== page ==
Satisfied that together they have coded a prize-winning song, Beth Ullmann’s music class made up of fifth graders at T.C. Martin Elementary School asked her to play the tune they created.
Using a series of horns sounding off at different intervals and in varying keys, Ullmann pushes play. “It’s the moment of truth,” she said.
The first notes start and the reaction is almost immediate.
“Turn it off,” students ask, some laughing at how bad it sounds. Back to the drawing board, or rather, the Smart board.
During an Hour of Code assignment, Ullmann’s students went up to the Smart board and stacked pieces of code, moving them with their fingers to create a song. Down the hall in Laura Liverman’s technology classroom, things were less raucous as students worked on coding Minecraft behind a keyboard, in front of a computer screen. Earphones firmly on, the students began building on tasks.
Hour of Code is a Code.org program that boosts access to computer science. It also aims to engage girls, underrepresented minorities and students on free and reduced meal plans in the field. MacKenna Zopelis, a fifth grader is not new to coding and it’s a skill she finds valuable. “Because it will help me later in life,” she said. “Especially in computer programming.”
It’s never too early to learn to code and Hour of Code is worldwide, reaching more than 100 million students, according to Code.org. Hour of Code is held Dec. 5 to 11 during Computer Science Education Week. Charles County Public Schools signed a partnership with Code.org in 2014 to infuse computer science and coding in several subjects for students in kindergarten through 12th grade.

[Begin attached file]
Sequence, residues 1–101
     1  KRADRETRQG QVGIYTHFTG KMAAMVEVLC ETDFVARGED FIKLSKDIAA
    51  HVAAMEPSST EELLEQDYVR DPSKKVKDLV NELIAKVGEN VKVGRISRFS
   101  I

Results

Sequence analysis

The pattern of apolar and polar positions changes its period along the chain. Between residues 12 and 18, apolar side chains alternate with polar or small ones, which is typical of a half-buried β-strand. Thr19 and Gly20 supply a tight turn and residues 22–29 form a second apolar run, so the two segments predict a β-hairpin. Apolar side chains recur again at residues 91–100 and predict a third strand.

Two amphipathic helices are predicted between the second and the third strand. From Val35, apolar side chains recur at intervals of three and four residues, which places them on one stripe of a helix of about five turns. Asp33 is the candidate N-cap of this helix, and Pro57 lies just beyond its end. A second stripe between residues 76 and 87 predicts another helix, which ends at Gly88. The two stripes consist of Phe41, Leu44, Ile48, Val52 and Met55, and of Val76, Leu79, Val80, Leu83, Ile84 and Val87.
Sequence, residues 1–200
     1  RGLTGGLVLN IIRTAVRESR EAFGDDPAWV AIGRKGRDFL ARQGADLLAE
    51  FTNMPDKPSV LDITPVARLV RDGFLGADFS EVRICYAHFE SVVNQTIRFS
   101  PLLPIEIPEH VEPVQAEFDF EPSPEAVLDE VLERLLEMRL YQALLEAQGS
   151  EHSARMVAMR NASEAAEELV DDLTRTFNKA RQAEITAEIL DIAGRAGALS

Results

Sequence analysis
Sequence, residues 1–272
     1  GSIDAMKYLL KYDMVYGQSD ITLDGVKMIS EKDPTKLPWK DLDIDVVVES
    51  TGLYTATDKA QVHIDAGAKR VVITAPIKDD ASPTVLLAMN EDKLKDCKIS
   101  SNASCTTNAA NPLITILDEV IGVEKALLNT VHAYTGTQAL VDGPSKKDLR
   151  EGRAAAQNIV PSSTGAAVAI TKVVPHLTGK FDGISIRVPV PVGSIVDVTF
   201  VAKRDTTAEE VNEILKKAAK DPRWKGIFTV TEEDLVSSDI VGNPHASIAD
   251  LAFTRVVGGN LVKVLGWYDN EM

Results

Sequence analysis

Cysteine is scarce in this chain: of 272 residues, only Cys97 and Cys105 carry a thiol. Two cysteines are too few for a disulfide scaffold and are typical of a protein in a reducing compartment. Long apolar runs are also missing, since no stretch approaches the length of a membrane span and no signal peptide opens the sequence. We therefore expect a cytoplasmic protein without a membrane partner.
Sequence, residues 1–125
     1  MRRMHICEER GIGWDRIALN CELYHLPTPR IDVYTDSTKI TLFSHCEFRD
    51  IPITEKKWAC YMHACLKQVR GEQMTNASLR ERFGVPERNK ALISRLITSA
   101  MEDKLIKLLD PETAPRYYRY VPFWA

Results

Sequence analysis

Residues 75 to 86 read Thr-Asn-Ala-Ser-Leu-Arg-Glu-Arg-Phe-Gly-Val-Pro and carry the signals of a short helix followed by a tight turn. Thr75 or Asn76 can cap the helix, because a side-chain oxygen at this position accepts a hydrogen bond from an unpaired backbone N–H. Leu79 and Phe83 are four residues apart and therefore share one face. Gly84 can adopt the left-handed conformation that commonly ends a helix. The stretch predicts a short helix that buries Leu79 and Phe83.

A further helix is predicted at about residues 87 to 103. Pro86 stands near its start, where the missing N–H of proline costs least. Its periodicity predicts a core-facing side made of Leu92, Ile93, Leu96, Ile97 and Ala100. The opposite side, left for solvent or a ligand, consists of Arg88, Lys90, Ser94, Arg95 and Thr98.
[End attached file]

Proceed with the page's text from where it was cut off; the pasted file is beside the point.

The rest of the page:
“Kids should learn to code because it’s kind of actually fun and you get to create cool games,” fifth grader Stuart Mackie-Smith said. “You can program machines to do things for you. And if you get far enough, you may even be able to program robots to do things you want to do.”
Charles County Public Schools provides 26,400 students in grades prekindergarten through 12 with an academically challenging education. Located in Southern Maryland, Charles County Public Schools has 36 schools that offer a technologically advanced, progressive and high quality education that builds character, equips for leadership and prepares students for life, careers and higher education.
The Charles County public school system does not discriminate on the basis of race, color, religion, national origin, sex, sexual orientation, gender identity, age or disability in its programs, activities or employment practices. For inquiries, please contact Dr. Patricia Vaira, Title IX/ADA/Section 504 Coordinator (students) or Pamela K. Murphy, Title IX/ADA/Section 504 coordinator (employees/ adults), at Charles County Public Schools, Jesse L. Starkey Administration Building, P.O. Box 2770, La Plata, MD 20646; 301-932-6610/301-870-3814. For special accommodations call 301-934-7230 or TDD 1-800-735-2258 two weeks prior to the event.